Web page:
||Issue No. 238||17 September 2004|
Interview: True Matilda
Politics: State of Play
Industrial: Capital Dilemmas
Unions: Rhodes Scholars
National Focus: Rennovating the Lodge
International: People Power
Economics: A Bit Rich
History: Mine Shafts
Safety: Sick Of Fighting
Organising: Building a Wave
Poetry: Anger In The Bush(es)
Review: The Battle Of Algiers
Culture: The Word On The Street
The Locker Room
Invest In Dignity!
TV Clash Using Visual Ammunition
The development was flagged in a far-reaching ALP policy statement that promised to deliver the ABC an extra $100 million in funding and pull it out of the political firing line.
Shadow Communications Minister, Lindsay Tanner, said while funding would not be tied, the ABC's own policies suggested it would like to translate the ground-breaking Triple J project - birthplace of Roy and HG, Midnight Oil, Cold Chisel, ACDC, Frenzel Rhomb, Killing Heidi etc - to the small screen.
ABC staffers have complained about under-resourcing, creeping commercialisation and sustained political attacks since the Howard Government took office in 1996.
Soon after being elected the Howard Government slashed ABC funding by $66 million and exposed the broadcaster to the disastrous Jonathan Shier experiment.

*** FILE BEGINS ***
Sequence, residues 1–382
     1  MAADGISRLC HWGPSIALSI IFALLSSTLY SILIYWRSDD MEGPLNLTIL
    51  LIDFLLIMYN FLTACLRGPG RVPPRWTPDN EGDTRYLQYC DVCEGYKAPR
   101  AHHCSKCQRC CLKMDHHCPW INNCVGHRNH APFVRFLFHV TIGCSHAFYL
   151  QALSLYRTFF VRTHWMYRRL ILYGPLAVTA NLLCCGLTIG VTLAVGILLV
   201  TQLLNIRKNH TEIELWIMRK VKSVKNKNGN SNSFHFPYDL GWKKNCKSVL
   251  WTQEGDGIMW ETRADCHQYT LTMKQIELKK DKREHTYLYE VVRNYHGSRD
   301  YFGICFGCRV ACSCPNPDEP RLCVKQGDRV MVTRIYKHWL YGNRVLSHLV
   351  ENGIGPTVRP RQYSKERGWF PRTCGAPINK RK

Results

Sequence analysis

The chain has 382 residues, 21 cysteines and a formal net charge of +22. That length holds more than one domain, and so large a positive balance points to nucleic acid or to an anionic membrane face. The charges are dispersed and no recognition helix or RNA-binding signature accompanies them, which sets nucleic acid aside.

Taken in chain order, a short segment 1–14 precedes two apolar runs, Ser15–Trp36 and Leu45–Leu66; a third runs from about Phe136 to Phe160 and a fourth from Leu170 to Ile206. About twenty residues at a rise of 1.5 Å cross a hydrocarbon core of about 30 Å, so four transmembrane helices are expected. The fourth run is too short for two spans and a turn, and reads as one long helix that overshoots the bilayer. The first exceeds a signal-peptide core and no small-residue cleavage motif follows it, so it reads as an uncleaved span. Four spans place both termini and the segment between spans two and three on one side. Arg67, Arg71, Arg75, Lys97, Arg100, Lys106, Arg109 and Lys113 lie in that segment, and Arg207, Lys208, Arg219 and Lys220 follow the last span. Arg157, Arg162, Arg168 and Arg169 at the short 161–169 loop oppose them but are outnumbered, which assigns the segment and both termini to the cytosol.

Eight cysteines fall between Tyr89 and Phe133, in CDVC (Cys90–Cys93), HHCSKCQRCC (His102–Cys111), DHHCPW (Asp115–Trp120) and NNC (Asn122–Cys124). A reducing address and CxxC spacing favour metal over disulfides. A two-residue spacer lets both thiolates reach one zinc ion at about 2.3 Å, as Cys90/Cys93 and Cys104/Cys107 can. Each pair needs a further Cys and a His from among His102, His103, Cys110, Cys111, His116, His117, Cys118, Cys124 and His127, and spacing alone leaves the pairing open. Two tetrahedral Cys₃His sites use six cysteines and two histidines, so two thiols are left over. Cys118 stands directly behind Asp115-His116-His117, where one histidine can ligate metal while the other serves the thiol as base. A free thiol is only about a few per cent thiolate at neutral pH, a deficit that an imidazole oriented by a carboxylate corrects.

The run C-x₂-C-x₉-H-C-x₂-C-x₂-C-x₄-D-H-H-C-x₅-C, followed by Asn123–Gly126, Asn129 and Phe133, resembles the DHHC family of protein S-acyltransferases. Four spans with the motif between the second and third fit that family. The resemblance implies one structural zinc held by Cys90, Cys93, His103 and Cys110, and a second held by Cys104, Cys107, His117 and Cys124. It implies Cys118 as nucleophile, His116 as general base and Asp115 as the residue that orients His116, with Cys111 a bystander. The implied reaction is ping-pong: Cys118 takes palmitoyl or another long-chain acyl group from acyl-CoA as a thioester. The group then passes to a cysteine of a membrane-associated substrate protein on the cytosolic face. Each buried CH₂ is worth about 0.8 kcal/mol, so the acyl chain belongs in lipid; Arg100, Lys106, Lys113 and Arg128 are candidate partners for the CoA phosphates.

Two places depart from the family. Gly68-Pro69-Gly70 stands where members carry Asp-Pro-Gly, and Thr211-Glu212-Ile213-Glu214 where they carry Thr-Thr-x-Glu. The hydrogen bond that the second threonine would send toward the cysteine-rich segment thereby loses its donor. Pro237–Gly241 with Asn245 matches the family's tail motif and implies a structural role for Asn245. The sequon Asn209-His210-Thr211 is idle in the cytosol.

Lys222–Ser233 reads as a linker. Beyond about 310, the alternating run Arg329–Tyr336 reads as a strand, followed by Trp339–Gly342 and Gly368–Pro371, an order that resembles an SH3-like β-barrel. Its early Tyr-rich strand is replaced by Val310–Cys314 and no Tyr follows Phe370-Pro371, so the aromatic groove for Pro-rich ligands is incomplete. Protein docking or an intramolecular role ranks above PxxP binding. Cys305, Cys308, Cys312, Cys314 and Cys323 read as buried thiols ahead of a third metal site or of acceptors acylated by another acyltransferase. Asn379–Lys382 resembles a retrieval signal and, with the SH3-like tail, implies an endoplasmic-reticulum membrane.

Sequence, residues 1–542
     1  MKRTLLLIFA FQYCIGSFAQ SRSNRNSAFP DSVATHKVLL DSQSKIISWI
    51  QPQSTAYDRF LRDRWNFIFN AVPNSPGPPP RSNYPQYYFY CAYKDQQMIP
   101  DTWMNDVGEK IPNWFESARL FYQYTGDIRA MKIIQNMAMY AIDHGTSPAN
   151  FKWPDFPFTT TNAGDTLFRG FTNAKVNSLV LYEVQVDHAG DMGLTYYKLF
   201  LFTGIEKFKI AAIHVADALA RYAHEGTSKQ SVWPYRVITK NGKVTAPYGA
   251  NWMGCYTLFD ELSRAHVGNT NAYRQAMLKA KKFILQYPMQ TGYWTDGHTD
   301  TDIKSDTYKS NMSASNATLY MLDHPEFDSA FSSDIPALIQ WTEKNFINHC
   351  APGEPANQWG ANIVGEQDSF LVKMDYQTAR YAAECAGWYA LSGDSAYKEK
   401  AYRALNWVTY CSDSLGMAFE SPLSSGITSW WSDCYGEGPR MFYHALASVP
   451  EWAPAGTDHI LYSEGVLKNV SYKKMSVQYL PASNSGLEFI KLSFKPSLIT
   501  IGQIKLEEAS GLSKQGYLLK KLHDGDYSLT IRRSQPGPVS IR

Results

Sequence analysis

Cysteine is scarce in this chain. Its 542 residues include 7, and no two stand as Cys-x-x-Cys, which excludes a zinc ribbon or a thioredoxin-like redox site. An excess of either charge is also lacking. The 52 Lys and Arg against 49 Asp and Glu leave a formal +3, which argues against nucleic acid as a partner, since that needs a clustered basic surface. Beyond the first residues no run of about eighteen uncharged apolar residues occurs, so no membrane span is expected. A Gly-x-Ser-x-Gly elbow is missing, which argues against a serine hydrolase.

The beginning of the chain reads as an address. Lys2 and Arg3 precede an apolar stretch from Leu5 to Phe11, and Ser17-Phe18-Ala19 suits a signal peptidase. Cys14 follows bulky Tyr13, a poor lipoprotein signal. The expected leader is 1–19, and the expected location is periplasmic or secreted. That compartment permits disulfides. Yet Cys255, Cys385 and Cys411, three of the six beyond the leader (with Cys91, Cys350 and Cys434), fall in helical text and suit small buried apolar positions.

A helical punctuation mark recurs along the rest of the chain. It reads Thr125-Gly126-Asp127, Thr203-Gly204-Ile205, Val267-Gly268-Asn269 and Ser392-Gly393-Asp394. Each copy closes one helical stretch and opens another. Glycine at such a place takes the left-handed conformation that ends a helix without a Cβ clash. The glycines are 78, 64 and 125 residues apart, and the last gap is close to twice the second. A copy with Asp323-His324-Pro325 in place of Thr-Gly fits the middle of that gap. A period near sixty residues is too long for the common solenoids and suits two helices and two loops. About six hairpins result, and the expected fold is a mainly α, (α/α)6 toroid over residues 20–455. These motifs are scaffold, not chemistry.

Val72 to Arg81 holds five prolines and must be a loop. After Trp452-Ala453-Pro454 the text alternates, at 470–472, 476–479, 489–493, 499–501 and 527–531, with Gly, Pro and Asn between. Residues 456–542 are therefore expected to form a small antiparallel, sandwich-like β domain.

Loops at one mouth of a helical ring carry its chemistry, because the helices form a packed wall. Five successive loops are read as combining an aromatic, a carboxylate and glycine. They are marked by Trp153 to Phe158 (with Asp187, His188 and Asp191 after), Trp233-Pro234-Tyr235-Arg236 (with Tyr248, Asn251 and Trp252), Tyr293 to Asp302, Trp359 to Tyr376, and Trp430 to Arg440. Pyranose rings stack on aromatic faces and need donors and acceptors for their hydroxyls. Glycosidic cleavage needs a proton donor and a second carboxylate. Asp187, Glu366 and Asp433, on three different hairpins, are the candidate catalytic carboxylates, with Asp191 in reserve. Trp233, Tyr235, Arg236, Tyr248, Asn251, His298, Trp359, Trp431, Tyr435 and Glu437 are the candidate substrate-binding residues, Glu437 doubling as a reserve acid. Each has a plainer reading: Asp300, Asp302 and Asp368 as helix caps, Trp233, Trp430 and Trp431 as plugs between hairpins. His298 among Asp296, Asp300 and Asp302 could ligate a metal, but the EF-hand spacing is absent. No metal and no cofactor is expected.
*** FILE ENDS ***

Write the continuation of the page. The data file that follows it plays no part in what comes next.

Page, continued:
Former Coalition Communications Minister, Richard Alston, personified his Government's undermining of ABC news and current affairs with an attack on workers and standards that went on for years.
Tanner and Shadow Arts Minister, Kate Lundy, say increased funding will be spread over four years.
In a bid to stop any Government stacking the future boards they will move to arms-length appointments to be overseen by the Communications Department.
Under Labor policy, vacancies would be advertised and the Minister would be presented with a shortlist after interviews by an independent panel, including departmental chiefs and the Public Service's Merit Protection Commissioner.
Under the policy, if a Minister went outside the panel's shortlist, he or she would be required to table a formal explanation.
CPSU spokesman Graeme Thomson predicted much of the Tanner-Lundy blueprint would win a thumbs-up from the workforce.
He said it would "go some way" towards redressing "chronic underfunding".
The underfunding has forced many creative and dedicated people out," Thomson said. "Any move to reverse this trend and support our talented broadcasters and program-makers is to be applauded.
Thomson said Government stacking of the broadcaster's board had lessened the organisation's independence and community standing. Moves towards wider public consultation, detailed criteria and an arms-length selection panel should be welcomed.
The "acid test" of a new Government's would come, he warned, when two board vacancies arose immediately after next month's federal election.
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